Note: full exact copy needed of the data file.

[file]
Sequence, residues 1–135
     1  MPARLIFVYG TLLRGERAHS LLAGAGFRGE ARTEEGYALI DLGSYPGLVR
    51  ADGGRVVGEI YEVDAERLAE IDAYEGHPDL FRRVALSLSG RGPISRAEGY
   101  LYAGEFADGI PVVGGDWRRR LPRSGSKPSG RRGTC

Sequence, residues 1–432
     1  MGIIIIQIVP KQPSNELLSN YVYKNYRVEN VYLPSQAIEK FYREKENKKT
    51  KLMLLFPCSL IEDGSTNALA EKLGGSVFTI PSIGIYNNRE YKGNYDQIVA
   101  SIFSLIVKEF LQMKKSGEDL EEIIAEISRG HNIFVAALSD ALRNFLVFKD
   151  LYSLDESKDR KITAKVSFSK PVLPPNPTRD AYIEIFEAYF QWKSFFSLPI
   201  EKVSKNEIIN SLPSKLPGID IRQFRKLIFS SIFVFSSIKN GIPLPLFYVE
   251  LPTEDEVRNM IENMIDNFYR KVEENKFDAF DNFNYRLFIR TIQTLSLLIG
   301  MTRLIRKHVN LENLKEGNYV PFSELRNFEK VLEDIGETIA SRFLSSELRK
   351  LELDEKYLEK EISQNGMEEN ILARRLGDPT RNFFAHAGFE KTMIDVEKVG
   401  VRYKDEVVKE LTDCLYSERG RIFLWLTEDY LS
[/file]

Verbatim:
Sequence, residues 1–135
     1  MPARLIFVYG TLLRGERAHS LLAGAGFRGE ARTEEGYALI DLGSYPGLVR
    51  ADGGRVVGEI YEVDAERLAE IDAYEGHPDL FRRVALSLSG RGPISRAEGY
   101  LYAGEFADGI PVVGGDWRRR LPRSGSKPSG RRGTC

Sequence, residues 1–432
     1  MGIIIIQIVP KQPSNELLSN YVYKNYRVEN VYLPSQAIEK FYREKENKKT
    51  KLMLLFPCSL IEDGSTNALA EKLGGSVFTI PSIGIYNNRE YKGNYDQIVA
   101  SIFSLIVKEF LQMKKSGEDL EEIIAEISRG HNIFVAALSD ALRNFLVFKD
   151  LYSLDESKDR KITAKVSFSK PVLPPNPTRD AYIEIFEAYF QWKSFFSLPI
   201  EKVSKNEIIN SLPSKLPGID IRQFRKLIFS SIFVFSSIKN GIPLPLFYVE
   251  LPTEDEVRNM IENMIDNFYR KVEENKFDAF DNFNYRLFIR TIQTLSLLIG
   301  MTRLIRKHVN LENLKEGNYV PFSELRNFEK VLEDIGETIA SRFLSSELRK
   351  LELDEKYLEK EISQNGMEEN ILARRLGDPT RNFFAHAGFE KTMIDVEKVG
   401  VRYKDEVVKE LTDCLYSERG RIFLWLTEDY LS